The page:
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Characters

Henry VIII

Henry VIII from Henry VIII The Musical
The man himself – Henry VIII, King of England 1509-1547.

Act One of the musical sees Henry as a young and energetic monarch, enjoying all the power and trappings of royalty. In Act Two, worn down by three marriages and the tragic death of his third wife, Jane Seymour, he is transformed into an older, larger and more irritable man. Those who cross him regret it!

The role of Henry includes the following songs:
>Life Is So Sweet (Duet)
>Where Is My Boy (Solo)
>Let’s Agree To Disagree (Duet)
>Now That You’re Gone (Solo)
>I Don’t Like What I See (Duet)
>Henry’s Nightmare (optional – with his six wives – Senior Version only)
>God Bless King Henry
>DBDDBS

The Jester

The Joker from Henry VIII The Musical
Thank goodness for the Jester, the King’s official entertainer!

The role is designed to provide comedic light relief when it’s most needed. Able to interact with all the other characters no matter what their position in society, the Jester sees everything and acts as a guide for the audience, bringing them up to speed with what’s really going on.

The Jester has no solos but plays an enthusiastic role in the full cast numbers.

Catherine of Aragon

Catherine of Aragon from Henry VIII The Musical
Henry’s first wife. Catherine is serious and devout – the very epitome of the good Christian Queen.

The daughter of Isabella I of Castile and Ferdinand II of Aragon, Catherine was just three years old when she was betrothed to Henry’s brother Arthur, Prince of Wales. That betrothal is used by Henry as his main get-out clause when he decides he wants to marry Anne Boleyn. In this role, we see Catherine fighting with determination to prove to Henry that she’s his rightful wife and queen.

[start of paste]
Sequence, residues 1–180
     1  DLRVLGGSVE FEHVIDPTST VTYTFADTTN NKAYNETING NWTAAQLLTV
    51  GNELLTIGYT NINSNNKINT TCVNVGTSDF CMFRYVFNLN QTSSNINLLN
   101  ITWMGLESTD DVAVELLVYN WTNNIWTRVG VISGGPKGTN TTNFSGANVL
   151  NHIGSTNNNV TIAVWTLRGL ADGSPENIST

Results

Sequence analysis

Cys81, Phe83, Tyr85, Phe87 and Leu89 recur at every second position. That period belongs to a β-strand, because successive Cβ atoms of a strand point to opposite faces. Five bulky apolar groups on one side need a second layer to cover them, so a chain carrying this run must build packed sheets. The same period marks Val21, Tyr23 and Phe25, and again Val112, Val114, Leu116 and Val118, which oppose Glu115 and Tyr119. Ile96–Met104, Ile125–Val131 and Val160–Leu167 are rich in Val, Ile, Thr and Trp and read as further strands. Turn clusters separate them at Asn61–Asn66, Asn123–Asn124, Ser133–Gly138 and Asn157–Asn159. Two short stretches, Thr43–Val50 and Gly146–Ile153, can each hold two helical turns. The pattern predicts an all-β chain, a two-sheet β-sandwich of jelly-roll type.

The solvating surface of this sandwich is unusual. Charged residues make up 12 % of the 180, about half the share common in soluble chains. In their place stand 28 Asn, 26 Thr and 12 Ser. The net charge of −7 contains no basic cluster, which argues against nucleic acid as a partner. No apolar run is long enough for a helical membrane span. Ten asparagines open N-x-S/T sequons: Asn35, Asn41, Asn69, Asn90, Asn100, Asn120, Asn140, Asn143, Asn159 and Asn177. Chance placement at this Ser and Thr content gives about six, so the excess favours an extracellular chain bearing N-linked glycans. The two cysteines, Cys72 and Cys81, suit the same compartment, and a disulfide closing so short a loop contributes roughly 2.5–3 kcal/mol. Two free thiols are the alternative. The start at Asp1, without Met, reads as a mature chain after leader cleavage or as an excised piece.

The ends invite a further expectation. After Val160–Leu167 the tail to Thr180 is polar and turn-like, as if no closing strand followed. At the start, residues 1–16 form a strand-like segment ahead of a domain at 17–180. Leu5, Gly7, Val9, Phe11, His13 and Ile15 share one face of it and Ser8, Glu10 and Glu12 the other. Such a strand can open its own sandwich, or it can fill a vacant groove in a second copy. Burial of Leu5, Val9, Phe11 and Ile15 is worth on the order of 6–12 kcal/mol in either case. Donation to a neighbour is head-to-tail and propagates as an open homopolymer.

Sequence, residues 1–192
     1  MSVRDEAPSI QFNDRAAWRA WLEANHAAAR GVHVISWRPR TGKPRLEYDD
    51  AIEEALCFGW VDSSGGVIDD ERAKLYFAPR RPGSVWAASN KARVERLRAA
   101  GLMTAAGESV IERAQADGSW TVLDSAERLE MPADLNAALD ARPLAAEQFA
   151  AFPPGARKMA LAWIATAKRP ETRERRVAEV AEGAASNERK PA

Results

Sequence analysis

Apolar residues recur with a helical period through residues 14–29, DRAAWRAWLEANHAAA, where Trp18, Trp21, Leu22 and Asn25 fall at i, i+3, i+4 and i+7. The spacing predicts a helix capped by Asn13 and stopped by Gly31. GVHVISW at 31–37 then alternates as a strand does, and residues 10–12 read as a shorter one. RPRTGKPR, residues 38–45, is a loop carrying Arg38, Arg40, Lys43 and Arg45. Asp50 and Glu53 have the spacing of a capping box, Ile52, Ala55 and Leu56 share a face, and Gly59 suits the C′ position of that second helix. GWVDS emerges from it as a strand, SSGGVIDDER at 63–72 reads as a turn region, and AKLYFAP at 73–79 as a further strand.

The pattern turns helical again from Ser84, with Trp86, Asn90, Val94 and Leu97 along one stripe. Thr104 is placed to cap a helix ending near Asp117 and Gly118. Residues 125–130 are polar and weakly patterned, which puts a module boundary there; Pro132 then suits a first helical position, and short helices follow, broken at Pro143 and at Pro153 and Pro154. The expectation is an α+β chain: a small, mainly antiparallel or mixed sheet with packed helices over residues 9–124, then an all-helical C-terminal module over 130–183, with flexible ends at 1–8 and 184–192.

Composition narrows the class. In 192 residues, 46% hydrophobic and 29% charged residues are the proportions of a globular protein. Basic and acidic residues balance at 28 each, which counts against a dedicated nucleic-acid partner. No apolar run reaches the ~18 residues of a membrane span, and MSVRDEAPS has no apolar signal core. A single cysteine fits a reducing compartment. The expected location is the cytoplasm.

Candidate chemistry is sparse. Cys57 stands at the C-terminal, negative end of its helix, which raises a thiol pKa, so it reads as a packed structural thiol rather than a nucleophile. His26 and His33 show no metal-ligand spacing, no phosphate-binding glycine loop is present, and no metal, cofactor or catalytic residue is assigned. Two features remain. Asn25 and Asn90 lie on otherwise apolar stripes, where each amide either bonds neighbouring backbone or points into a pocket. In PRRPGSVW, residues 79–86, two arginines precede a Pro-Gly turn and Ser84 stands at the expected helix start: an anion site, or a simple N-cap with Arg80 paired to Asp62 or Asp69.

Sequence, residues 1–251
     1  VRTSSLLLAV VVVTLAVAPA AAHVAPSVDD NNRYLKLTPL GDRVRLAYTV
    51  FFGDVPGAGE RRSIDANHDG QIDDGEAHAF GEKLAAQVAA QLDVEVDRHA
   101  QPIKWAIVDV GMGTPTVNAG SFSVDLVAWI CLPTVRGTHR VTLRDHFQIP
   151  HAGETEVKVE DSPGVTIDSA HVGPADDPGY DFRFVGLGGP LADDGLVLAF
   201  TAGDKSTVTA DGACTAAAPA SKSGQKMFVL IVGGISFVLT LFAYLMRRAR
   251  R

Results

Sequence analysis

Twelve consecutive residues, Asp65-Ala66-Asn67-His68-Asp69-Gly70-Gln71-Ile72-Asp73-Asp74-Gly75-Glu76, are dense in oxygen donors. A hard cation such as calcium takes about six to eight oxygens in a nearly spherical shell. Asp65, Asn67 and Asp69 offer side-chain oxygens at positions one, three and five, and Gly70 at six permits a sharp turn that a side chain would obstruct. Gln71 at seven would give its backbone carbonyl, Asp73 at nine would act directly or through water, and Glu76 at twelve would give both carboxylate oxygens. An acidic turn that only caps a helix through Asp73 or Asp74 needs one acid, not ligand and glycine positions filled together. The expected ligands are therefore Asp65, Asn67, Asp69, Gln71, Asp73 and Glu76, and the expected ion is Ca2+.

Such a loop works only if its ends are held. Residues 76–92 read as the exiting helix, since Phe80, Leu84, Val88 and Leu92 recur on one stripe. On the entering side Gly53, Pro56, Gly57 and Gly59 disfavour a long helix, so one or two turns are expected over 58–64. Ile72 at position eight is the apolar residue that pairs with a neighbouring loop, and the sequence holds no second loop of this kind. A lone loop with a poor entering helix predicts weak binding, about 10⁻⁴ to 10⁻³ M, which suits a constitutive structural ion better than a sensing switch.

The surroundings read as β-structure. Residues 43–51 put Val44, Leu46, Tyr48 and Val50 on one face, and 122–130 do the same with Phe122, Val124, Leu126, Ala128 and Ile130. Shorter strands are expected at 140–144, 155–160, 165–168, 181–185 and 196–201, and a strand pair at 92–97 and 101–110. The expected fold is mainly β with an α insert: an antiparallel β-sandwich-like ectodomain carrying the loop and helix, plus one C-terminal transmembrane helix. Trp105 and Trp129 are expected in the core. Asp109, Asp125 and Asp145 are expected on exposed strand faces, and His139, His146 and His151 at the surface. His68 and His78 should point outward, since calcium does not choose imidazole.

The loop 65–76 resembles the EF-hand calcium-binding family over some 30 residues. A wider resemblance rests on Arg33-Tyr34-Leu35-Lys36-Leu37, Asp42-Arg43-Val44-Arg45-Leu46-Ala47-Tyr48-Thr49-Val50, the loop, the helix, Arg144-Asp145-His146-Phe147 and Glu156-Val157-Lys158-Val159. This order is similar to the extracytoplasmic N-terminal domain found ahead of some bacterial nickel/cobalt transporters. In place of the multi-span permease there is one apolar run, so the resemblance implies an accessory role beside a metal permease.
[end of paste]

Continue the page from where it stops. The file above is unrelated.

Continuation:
The role of Catherine of Aragon includes the following songs:
>Life Is So Sweet (Duet)
>Leave Him Be (Duet – Senior Version only)
>Henry’s Nightmare (with Henry and the other wives – Senior Version only)
>DBDDBS

Anne Boleyn

Anne Boleyn from Henry VIII The Musical
Henry’s second wife. Confident, proud and… argumentative!

Henry is transfixed by Anne, one of Catherine of Aragon’s ladies in waiting, who beguiles him with her confidence and charm. In this role we see her fight for her chance to be queen. She is left wondering if that day will ever come and finds herself battling with the determined Catherine for the role of Henry’s wife.

The role of Anne Boleyn includes the following songs:
>God Save The King
>Leave Him Be (Duet)
>Wait And See (Solo)
>Let’s Agree To Disagree (Duet)